Speakeasy (True North #5)

Speakeasy (True North #5)

Sarina Bowen

Chapter One


“Which beer do you think I should try first?” the attractive woman leaning on my bar asks. “The Goldenpour or the Barclay Stout?” She’s pretty. Early twenties, probably. Tight sweater and tighter jeans. I’ve never seen her before, but she gives me a big smile.

Then she shifts her body slightly and bats her eyelashes at my bartender, Smitty.

Beside me, Smitty grins with amusement. Because this girl isn’t just choosing between two beers. She’s what Smitty and I call a waverer—she’s mulling over her choice of bartenders, too.

“Well,” Smitty says, propping an arm on the bar. “Goldenpour is crisp and yeasty with aromas of pear and citrus.” He’s rolling up his sleeves, that fucker, purposefully showing off the colorful tattoos on his forearms.

“On the other hand,” I break in, “the Barclay Stout has hints of cocoa powder and vanilla, a creamy finish, a lengthy tail, and nice head.” I actually flex my pecs as I say this, while Smitty tries not to bust out laughing.

“Wow.” She blinks back and forth between us. “Tough decision.”

Competing for women is our little game. I get the girls who want the fit and clean-cut type, and Smitty gets the ones who like ’em tattooed and dangerous.

There’s plenty of female attention to go around. We just enjoy this bit of nonsense.

“Hmm,” the girl says. “I think I’ll try the Goldenpour first.”

“Ah, well,” I say quickly as Smitty snorts out a laugh. “He can tap it for you.” Smitty gives me a grin and reaches for a glass. She moves down the bar to wait for her beer.

“Can’t win ’em all,” Hamish—my best customer—says from a barstool in front of me.


“But the night is still young. As are you, whippersnapper.” Hamish is a carpenter. His studio is a hundred yards down the road. In fact, he and I own matching old brick mill buildings on the Winooski River, where we each spend a lot of our waking hours tending to our respective businesses.

His is a high-end woodworking operation, while mine is devoted to mankind’s greatest accomplishment: craft beer.

“Plenty of fish in the stream,” I agree. And right now I’m more worried about serving all the fish than banging them. It’s Thursday night. The weekend onslaught begins now, and I’m more or less ready.

Becky is working the tables tonight, which means Ed Sheeran is playing on the sound system. We have a rule—the waitress controls the playlist. She’s making her way around the room right now, stopping to light a candle on every table. The reach-in coolers are stocked. The empty tables are clean.

It’s November, so tonight’s crowd won’t break any records. The Gin Mill is the busiest during ski season and leaf-peeping season. Summers are pretty good, too. But there’s a lull during November until the ski resorts open.

Tonight we’ll be serving two kinds of customers—locals and foamies. A foamy is a beer tourist—a crazy soul who has come hundreds of miles—or even thousands—to sample Vermont’s hard-to-find craft brews.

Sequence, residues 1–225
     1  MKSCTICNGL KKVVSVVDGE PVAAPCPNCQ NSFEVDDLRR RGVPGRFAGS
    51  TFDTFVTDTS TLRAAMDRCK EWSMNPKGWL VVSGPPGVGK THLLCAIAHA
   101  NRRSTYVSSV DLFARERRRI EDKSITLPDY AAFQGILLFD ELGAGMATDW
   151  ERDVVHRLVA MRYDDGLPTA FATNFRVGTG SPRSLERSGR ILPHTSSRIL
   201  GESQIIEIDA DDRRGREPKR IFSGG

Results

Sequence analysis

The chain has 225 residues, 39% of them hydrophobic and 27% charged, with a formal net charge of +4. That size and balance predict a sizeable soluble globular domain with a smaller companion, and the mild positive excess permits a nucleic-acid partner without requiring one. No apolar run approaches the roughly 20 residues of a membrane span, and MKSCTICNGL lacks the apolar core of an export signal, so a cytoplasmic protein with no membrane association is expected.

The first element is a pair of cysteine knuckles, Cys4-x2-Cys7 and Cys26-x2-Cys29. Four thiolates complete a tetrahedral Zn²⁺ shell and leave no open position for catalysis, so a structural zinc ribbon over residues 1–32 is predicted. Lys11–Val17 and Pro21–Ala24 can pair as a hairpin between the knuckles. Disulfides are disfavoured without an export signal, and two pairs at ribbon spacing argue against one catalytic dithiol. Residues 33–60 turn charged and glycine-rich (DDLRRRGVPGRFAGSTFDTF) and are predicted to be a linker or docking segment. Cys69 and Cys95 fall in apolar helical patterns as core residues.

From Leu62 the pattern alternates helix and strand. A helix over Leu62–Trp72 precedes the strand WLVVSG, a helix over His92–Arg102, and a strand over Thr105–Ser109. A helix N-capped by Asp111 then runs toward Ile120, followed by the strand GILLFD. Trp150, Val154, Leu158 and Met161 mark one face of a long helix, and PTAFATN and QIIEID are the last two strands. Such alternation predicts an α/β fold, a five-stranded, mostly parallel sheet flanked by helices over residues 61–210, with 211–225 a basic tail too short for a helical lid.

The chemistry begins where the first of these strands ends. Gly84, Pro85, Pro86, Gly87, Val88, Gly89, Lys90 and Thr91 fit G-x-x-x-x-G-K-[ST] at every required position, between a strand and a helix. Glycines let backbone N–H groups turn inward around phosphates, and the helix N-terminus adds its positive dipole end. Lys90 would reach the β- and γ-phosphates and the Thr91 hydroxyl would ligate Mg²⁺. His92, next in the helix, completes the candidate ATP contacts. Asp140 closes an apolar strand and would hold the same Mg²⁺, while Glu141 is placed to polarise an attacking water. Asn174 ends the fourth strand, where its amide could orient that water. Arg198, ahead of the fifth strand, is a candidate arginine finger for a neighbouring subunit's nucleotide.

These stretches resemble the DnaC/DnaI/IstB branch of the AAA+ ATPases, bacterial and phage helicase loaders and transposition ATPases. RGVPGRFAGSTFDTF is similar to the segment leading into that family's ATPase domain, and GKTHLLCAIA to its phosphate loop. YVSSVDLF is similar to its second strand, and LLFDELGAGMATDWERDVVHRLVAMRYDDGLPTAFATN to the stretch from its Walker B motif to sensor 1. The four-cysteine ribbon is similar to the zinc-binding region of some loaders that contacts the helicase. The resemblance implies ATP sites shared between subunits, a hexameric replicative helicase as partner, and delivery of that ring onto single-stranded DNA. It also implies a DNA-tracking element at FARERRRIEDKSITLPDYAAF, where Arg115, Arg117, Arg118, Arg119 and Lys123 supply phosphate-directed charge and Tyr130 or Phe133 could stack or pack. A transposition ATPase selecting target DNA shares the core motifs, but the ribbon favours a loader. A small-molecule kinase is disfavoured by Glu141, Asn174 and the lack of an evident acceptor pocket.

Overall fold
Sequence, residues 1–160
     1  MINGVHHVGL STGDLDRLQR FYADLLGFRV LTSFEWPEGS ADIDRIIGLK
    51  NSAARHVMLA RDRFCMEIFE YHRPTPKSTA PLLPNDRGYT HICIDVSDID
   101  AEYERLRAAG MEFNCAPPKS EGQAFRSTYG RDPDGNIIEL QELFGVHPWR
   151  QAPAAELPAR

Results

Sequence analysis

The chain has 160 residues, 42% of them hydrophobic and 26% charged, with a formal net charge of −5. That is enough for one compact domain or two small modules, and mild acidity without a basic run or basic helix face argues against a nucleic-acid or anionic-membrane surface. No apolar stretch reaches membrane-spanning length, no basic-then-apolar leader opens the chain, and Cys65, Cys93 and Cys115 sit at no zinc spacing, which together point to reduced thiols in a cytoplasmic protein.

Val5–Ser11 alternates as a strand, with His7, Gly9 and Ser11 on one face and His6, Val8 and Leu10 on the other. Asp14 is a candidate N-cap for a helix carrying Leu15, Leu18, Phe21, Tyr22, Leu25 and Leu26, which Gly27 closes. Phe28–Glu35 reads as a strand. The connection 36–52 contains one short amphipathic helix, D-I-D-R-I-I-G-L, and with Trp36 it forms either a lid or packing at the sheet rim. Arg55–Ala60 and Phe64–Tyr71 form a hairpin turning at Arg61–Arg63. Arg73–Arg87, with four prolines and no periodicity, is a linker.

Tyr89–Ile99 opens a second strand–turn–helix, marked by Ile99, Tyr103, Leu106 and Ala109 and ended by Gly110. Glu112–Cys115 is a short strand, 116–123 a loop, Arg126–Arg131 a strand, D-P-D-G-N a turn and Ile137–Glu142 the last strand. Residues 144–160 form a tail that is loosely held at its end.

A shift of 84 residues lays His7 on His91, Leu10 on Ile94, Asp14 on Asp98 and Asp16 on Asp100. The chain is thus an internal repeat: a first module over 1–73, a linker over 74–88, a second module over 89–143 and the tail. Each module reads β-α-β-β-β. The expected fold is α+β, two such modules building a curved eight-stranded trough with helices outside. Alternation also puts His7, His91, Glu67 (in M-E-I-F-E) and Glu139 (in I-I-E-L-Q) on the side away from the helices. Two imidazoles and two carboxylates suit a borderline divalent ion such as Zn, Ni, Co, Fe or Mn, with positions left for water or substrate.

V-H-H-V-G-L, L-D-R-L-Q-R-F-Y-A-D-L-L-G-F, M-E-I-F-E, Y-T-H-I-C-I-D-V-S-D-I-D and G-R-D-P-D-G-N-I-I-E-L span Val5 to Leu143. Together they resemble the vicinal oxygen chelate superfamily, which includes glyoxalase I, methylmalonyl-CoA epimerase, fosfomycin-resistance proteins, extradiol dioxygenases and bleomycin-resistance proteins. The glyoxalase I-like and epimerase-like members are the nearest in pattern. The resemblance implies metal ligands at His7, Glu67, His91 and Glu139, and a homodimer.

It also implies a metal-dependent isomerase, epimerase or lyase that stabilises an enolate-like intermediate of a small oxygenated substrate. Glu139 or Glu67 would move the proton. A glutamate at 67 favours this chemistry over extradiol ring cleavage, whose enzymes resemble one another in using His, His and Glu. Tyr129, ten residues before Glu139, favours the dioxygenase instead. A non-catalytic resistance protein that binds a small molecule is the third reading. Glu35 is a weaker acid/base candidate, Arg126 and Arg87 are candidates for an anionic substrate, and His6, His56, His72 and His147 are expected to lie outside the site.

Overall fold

This year they’re all dying to drink Goldenpour by the Giltmaker Brewery. Rated 99 by Beer Advisor, it’s the new Heady Topper—terrific yet impossible to buy. You can drink pint after pint right here at the Gin Mill, or you can wait in line for two hours on Tuesday morning outside the brewery in Waterbury. They’ll sell you exactly two six-packs.

Lucky for both me and the foamies, I serve Goldenpour six days a week, along with a dozen other rare Vermont craft brews. To get the word out, I’ve spent the last year writing to every beer blog and travel website in the world, making sure they know that the Gin Mill is the place to be if you want to taste the best.

And it’s slowly beginning to work. My bar is always crowded on the weekends and often on the weeknights, too.

I opened a bar because I wanted my life to be a seven-day-a-week party. Turns out owning a business never really feels like a party. But I love it anyway.

“Need a fill up?” I ask Hamish.

“Nah, I’m good,” the carpenter says. “Thanks, kid.”

“So what beer do you want to serve at your party?” I ask. He and I are planning a retirement shindig for him next month.

“Goldenpour, if you can swing it. But if you can’t, that’s okay, too.”

“I’ll ask. If they say no, I’ll bring something good.”

“I know you will.”

The door of the bar swings open, and I glance up out of habit. I make seventy percent of my receipts Thursday through Sunday. If I served food, too, that would even things out a bit.

If only.

The new arrival isn’t a customer, though. It’s Chelsea from NorthCorp, my beer distributor. “Happy Thursday, hot stuff,” she says. “I brought you a new IPL.”

“Yeah? Awesome.” I lean over the bar, grab Chelsea into a one-armed hug, and plant a kiss right on her jaw. Chelsea is a great girl. Not only does she keep the Gin Mill stocked with trophy beers, but she also really likes to fuck me. She’s my BDWB. Beer distributor with benefits.

Am I living the dream or what?

“Chelsea—Hamish and I have an invitation for you.” I pluck a card off the stack on the bar.

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